Mindfulness is becoming increasingly popular in businesses (Think Search Inside Yourself at Google and now available to other organizations), sports (See recent article on NBA team, Golden State Warriors’ adoption of mindfulness), education and even politics (Read the Mindful Nation UK report to bring mindfulness to British parliament). Yet, it is common to mistake mindfulness for simply being present or the opposite of mind wandering. Mindfulness is not the same as being focused. In the above video, Joseph Goldstein does a great job of explaining what mindfulness is and what it is not. If you have the time, I encourage you to watch the full video. Meanwhile, here are a few scholarly definitions of mindfulness to elaborate different aspects of  mindfulness as awareness, which is distinct from focus.

“Mindfulness is the awareness that arises by paying attention, on purpose, in the present moment, and non-judgmentally” Jon Kabat-Zinn

“We see mindfulness as a process of regulating attention in order to bring a quality of nonelaborative awareness to current experience and a quality of relating to one’s experience within an orientation of curiosity, experiential openness, and acceptance.” Bishop et al 2004

Langer’s (1997) definition of mindfulness focuses on the creation of new categories, openness to new information; and awareness of multiple perspective useful in problem solving.

While the above definitions are all useful in getting a sense that mindfulness is about awareness and the ability to see clearly, I want to draw attention to Goldstein’s explanation of mindfulness because it lays out a very important aspect of mindfulness, which is very commonly left out in definitions, media mentions and even practice.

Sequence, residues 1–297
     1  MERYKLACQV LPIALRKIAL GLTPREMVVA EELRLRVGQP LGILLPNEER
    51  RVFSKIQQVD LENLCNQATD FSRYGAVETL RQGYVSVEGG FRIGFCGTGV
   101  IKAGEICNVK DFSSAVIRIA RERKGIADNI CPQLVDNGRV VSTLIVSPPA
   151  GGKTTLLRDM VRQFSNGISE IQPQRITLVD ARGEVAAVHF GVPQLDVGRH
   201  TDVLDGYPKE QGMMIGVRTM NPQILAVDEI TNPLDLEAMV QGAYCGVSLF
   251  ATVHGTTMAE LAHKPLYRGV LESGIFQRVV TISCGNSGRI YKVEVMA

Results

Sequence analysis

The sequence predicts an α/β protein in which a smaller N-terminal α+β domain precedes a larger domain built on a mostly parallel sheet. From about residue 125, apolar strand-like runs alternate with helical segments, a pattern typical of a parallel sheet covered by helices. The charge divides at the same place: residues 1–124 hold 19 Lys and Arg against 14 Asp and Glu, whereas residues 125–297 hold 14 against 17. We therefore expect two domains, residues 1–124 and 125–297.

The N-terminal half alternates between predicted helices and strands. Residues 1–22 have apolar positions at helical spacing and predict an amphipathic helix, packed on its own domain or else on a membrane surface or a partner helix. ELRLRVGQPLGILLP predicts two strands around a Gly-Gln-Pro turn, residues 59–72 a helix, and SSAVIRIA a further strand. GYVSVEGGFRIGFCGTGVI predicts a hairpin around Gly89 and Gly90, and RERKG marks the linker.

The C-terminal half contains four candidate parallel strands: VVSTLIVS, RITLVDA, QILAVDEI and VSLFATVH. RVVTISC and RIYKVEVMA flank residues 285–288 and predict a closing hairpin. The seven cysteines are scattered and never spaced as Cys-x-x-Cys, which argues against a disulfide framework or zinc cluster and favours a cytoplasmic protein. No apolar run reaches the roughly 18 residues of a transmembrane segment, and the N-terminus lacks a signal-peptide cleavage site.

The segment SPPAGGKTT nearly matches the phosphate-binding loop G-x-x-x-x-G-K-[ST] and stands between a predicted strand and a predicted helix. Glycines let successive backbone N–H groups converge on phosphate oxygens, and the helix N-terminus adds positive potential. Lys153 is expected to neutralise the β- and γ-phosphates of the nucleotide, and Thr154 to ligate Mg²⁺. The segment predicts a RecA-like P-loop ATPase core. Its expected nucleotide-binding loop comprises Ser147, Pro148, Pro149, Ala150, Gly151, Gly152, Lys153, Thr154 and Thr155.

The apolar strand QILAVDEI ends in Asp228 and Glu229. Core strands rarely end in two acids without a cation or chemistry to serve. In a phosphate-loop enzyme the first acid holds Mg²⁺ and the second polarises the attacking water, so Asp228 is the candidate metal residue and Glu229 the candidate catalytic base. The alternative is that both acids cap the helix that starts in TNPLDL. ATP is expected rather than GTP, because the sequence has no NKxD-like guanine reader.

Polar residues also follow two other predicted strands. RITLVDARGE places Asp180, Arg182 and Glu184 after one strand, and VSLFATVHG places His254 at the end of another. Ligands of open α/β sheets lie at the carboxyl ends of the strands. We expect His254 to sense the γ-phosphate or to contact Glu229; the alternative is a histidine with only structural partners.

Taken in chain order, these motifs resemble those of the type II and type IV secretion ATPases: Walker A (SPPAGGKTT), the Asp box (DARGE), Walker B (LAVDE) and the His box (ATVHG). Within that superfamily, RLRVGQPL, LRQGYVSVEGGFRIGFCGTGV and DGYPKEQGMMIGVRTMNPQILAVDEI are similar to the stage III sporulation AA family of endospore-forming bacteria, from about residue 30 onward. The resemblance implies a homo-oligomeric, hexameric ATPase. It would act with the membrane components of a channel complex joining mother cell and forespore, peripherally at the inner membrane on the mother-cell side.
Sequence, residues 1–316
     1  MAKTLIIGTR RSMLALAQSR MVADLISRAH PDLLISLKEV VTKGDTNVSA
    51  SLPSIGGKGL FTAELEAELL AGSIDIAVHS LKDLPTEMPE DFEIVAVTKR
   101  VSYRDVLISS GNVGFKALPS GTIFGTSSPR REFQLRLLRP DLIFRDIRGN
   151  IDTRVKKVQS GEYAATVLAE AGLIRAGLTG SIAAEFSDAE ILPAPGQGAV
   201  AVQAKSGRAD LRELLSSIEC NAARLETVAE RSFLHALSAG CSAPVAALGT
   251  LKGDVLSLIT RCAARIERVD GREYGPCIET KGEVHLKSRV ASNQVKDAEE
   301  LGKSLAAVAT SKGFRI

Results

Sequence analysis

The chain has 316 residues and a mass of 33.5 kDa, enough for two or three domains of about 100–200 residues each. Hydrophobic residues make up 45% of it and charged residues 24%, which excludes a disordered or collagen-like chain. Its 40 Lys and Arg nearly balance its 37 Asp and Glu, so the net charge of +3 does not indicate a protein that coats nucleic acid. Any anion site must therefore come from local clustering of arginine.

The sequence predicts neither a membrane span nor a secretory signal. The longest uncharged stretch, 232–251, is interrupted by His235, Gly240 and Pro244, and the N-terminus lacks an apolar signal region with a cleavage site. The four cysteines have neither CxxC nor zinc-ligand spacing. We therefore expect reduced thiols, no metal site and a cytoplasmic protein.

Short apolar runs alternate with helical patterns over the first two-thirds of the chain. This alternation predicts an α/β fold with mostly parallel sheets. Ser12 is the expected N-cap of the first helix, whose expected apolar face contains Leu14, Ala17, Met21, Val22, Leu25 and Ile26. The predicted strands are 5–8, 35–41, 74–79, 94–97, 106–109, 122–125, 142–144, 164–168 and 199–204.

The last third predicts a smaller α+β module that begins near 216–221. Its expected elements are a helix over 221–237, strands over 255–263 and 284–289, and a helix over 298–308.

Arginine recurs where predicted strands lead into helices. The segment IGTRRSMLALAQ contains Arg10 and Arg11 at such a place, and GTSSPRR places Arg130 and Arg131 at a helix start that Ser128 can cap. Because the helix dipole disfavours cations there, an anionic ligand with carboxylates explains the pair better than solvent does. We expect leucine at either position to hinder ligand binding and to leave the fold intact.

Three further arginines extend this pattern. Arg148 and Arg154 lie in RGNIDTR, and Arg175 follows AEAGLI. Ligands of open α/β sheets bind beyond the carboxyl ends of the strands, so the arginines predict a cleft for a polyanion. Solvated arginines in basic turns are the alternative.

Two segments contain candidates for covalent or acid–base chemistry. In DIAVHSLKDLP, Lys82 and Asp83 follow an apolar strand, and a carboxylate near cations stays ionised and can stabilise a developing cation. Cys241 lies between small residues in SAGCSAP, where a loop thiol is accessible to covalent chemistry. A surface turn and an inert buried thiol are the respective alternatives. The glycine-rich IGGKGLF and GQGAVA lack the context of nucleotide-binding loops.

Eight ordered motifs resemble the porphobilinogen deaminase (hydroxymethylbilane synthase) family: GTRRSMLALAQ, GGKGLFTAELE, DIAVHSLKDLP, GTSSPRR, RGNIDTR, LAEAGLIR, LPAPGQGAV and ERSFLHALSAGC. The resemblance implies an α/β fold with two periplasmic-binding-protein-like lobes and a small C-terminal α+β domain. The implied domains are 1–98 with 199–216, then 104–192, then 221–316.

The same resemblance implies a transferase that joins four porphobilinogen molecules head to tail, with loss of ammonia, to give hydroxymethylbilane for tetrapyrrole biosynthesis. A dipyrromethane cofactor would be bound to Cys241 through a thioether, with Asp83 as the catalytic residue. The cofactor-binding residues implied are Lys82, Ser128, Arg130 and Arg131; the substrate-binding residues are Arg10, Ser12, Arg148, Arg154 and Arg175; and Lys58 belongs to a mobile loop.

“Mindfulness is the power of mind to observe free from desire and aversion.”

Goldstein systematically explains that observing through the filter of wanting and aversion is not mindfulness. For example, when practicing mindfulness you may be diligently observing your breath but underlying that may be a desire to get a certain result like peace or there may be some resistance to the practice such that you are eagerly anticipating its end. In either of these cases, you are observing the chosen object – your breath – through the lens of desire or aversion, in which case your experience is colored and you are not able to see clearly what is, just as it is. Mindfulness then is observation free from desire and aversion.

“Mindfulness is the ability to see clearly, our inner and outer reality, without the filter of craving and aversion.”

This aspect of mindfulness has huge implications in all domains of life. Lets take the example of a time you find yourself in a high-pressured meeting. In such a meeting, a focus on what each person is saying is good but doesn’t allow you to broadly observe what you and others in the room are experiencing. And even if you observe, but are unable to see the lens of old patterns of desire and aversion, you may continue to react based on old habits. It is the ability to see clearly without any kind of filters, what is happening in your environment and within you that gives you the space and clarity to make skillful choices. That is where you start to experience the benefits of mindfulness training, which allow you to sit with discomfort and pleasant situations with equal clarity and equanimity, not only in practice but all of life.

So the next time you practice mindfulness as a formal practice or in life, you can remind yourself to check in,

“What is the attitude of my mind in this moment?”

It is very likely that just asking the question can free you from that filter in that moment and allow you to fully be with the experience. Try it out, if you have not already, and please share your experience.